Years later, thinking about my own roles as a woman, and how hard it can be for women to carve out their own identity in a world of motherhood, wifehood, and all the rest of it, I totally get it. I mean, I sincerely get it. I have fallen into the habit of trying to be all things to all people, and quite frankly it sucks. Why should I have to be everything to anyone (my kids included)? Why should I not be singularly concerned with being everything to myself? Why are women so quick to label themselves as someone’s mother, or wife? Ask yourself this: How many men have you met, say at a work function or in a professional setting, who have introduced themselves by saying, “Hi, I am Joe, Jennifer’s husband.”  It doesn’t count if you are meeting a girlfriend’s husband or boyfriend for the first time.  I mean, meeting men who have no connection to you through a woman.  Those of you who are married or in a relationship, ask your significant other (if the significant other is of the male variety) to go one week only introducing himself to others as your husband or boyfriend or cabana boy, or whatever it is they are to you. Ask them if they would be willing to do it. If not, ask them why? (I know, I am stirring up some trouble now).   I bet it has something to do with the natural desire to put our own accomplishments, or career title, or other self-defining characteristic on display when meeting someone for the first time. I get it. But it seems to me it is rare for a man to put those personal accomplishments on the back burner when meeting new people, and very common for women to do so. Is it just because we women so love to gush about our sweeties that it feels more important to recognize that bond when meeting new people than to toot our own horns?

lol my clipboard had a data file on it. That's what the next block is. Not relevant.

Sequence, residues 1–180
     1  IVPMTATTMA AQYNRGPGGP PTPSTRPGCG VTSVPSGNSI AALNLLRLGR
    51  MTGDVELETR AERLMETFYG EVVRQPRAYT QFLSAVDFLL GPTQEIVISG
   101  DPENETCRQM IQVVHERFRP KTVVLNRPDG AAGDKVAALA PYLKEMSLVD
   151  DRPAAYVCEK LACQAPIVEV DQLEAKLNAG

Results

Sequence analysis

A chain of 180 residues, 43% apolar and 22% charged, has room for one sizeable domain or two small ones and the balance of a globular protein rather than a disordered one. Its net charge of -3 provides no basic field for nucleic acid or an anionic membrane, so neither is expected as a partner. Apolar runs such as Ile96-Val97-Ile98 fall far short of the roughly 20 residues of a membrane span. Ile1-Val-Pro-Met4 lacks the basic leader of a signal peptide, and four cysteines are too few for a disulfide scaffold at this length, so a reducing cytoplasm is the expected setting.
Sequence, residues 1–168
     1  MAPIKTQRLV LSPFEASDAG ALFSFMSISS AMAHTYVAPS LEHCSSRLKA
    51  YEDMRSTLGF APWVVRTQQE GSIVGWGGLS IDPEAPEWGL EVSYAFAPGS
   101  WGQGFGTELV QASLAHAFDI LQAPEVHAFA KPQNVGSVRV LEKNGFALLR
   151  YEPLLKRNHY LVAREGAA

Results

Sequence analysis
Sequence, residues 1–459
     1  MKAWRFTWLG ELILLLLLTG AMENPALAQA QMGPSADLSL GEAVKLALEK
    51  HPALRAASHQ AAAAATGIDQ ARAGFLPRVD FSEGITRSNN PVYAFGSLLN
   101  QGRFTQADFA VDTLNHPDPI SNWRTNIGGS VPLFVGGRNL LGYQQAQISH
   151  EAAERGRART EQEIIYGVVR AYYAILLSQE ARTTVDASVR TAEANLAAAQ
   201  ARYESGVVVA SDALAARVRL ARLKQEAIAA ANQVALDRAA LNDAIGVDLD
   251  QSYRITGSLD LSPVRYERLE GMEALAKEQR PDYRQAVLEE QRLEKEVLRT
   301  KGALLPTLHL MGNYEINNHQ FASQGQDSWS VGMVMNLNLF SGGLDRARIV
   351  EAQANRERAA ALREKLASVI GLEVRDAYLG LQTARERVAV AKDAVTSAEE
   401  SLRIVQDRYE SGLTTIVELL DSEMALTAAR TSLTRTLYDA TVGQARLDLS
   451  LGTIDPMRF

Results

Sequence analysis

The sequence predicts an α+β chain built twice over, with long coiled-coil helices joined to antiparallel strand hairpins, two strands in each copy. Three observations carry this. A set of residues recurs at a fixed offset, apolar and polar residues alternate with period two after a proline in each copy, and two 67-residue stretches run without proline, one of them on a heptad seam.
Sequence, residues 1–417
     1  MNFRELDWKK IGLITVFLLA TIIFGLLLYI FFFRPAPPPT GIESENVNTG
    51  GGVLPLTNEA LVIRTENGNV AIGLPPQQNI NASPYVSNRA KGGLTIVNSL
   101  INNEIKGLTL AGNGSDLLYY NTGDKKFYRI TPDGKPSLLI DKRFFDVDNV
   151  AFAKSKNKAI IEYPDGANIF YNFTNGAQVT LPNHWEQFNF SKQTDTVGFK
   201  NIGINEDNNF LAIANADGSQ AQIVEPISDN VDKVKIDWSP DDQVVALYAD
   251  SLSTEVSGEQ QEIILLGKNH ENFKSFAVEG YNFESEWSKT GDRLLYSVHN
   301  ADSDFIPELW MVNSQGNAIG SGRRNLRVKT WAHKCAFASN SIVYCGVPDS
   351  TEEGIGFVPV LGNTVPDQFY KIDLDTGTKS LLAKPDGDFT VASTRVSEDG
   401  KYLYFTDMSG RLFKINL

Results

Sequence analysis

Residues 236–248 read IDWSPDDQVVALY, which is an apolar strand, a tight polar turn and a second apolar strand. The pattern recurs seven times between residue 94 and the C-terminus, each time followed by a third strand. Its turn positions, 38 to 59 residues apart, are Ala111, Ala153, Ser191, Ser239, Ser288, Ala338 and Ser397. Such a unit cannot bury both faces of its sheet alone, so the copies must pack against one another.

So I propose this: All of us ladies, married or not, mothers or not, are really single ladies in the sense that we are individuals. We are separate from our spouses, our children, and everyone else who wants a piece of us. That is not to suggest that we should abandon our roles as mothers and wives and friends and say, “screw you,” to the whole damn world and spend the rest of our lives alone, drinking cosmopolitans, binge watching Downton Abbey, and shoe shopping. Wait…that sounds pretty freaking amazing, maybe I should reconsider….No, no, no. We don’t need to completely disconnect ourselves from those we love. But I for one spent over 30 years feeling like I was defined by my usefulness to other people.   I dedicated a lot of time to thinking about things such as, 1) Am I a good enough girlfriend? 2) Am I a good enough wife? 3) Am I a good enough teacher? 4) Am I a good enough mother? And so on and so on. Never did I ask myself, am I getting enough from my husband? My friends? Are the people around me recognizing me for who I am, not for what I can do for them? If all of these people were to disappear, how would I define myself? I don’t say this to elicit any, “Aw, poor baby, you are such a martyr,” type feelings or comments. I am simply observing that being a woman is often synonymous with being a giver, and with defining ourselves as satellites to someone else’s planetary being. Floating around them, providing gravitational stability, influencing the ebb and flow of their tides, but never really asserting our own independent significance in the system.